It's very helpful to consider the building blocks of the language. So, let's begin with the basics and build up to the very complex.
A mistake that English language learners often make is to misuse the word “challenge.” As a noun it means a difficult task, but as a verb the meaning is quite different.
We sometimes use going to to speak about the future, and other times we use will. Do you know why?
As your English improves, you are able to make longer and longer sentences. But, should you?
Knowing when and how to use the articles a, an, and the can be challenging. This simple guide will help.
At first glance, sentences like, "Anyone can try it" and, "Everyone can try it" seem to mean the same thing. What's the difference?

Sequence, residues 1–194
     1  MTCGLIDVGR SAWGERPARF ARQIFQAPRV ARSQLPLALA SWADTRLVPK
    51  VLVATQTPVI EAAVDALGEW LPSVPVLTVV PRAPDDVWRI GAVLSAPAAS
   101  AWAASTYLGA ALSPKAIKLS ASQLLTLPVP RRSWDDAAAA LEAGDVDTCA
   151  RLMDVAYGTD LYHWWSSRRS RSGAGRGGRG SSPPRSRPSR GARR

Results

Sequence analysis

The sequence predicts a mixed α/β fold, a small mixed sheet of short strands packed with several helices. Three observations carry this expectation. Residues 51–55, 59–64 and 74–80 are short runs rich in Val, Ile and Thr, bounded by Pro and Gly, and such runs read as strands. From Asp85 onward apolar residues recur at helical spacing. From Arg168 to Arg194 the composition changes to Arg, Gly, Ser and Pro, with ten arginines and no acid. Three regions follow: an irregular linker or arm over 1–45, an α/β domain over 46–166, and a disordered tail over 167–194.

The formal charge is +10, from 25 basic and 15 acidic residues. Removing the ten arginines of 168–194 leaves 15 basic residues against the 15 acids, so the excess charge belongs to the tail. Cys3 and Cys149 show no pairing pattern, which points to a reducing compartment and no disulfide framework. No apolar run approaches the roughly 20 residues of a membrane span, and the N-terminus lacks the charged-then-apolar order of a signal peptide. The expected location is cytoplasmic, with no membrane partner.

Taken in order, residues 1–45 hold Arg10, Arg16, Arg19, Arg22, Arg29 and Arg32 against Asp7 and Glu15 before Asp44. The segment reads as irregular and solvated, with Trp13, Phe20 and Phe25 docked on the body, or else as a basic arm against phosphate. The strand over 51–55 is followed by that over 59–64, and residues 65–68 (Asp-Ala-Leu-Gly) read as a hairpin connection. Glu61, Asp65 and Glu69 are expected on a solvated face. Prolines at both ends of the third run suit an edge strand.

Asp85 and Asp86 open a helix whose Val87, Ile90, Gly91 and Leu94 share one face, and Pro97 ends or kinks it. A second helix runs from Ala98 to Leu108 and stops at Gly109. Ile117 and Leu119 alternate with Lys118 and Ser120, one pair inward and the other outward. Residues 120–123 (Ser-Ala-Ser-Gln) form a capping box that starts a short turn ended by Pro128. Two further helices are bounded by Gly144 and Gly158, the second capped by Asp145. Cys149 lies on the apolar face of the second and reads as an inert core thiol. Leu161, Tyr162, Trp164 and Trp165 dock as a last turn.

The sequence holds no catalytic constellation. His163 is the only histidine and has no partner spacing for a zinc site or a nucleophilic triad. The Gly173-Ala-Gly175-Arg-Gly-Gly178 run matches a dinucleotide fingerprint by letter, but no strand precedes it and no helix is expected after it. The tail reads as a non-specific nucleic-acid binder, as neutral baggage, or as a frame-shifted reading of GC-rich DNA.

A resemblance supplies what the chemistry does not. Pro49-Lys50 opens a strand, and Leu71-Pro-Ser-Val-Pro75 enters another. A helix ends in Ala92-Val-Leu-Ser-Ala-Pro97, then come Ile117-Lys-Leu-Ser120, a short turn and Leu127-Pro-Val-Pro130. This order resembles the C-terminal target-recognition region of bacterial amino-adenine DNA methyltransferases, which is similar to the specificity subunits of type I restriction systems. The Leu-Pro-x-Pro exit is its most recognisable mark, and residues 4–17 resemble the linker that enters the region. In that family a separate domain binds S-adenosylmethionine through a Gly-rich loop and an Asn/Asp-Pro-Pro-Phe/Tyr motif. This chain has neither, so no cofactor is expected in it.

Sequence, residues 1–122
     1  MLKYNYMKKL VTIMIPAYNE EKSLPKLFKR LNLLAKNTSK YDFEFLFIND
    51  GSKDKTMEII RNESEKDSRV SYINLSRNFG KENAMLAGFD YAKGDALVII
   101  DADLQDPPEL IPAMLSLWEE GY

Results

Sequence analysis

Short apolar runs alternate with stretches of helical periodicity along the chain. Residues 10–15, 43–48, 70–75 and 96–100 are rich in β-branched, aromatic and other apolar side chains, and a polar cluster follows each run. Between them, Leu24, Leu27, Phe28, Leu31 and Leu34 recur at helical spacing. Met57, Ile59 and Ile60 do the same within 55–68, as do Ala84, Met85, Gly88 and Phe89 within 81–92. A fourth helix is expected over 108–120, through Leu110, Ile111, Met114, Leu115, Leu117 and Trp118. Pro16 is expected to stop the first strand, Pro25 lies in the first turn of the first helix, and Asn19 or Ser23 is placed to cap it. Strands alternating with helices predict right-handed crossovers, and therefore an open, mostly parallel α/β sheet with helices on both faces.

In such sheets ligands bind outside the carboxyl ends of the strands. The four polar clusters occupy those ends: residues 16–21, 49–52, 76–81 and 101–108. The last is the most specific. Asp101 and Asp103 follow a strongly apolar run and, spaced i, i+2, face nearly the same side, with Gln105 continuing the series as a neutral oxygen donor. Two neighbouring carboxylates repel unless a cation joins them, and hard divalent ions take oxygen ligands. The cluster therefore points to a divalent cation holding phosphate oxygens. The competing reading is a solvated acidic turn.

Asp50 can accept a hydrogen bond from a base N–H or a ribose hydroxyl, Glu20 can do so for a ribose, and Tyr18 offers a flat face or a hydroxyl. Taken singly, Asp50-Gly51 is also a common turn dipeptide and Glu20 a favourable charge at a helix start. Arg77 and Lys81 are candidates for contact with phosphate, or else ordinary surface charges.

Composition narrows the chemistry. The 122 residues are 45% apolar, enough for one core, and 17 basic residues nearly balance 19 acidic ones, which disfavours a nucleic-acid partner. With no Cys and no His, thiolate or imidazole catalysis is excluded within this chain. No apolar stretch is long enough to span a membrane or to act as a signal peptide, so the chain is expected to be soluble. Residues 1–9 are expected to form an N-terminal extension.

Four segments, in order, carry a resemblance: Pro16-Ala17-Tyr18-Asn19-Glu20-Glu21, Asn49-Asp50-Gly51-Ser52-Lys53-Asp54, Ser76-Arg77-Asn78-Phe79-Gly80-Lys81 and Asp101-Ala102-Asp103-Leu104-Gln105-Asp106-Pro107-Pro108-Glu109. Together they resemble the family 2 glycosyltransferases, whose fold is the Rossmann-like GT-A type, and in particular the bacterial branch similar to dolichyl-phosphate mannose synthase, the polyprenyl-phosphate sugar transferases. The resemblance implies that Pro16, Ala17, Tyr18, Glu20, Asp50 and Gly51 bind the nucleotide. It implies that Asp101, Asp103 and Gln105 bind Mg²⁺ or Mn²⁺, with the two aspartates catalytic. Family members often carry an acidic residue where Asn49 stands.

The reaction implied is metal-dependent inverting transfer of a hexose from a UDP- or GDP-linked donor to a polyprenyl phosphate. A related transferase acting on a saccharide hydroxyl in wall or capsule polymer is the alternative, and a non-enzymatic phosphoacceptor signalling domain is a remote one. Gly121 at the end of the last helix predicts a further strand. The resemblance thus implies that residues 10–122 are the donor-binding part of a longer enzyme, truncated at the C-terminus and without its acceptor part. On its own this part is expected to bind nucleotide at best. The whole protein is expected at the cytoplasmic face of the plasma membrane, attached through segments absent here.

You’ve probably heard your teachers say, “Keep studying, it will be worth it in the long run!” Or, “Congratulations, you deserve it!” But what do these expressions really mean, and how can you use them in your own life?
A question tag turns a simple word, phrase or sentence into a question. Simple, right?
While some question tags are universal, other tags are specific to cultures around the world.
The words enough and too are easy to understand, but many students fail to use them correctly. Or, even if they are correct, they may be unnatural. I've heard too many mistakes, and I've had enough! It's time to master too and enough.
Conditional sentences are common in everyday English. But you need to be very careful in the way you use conditionals—otherwise, you can convey the wrong meaning entirely.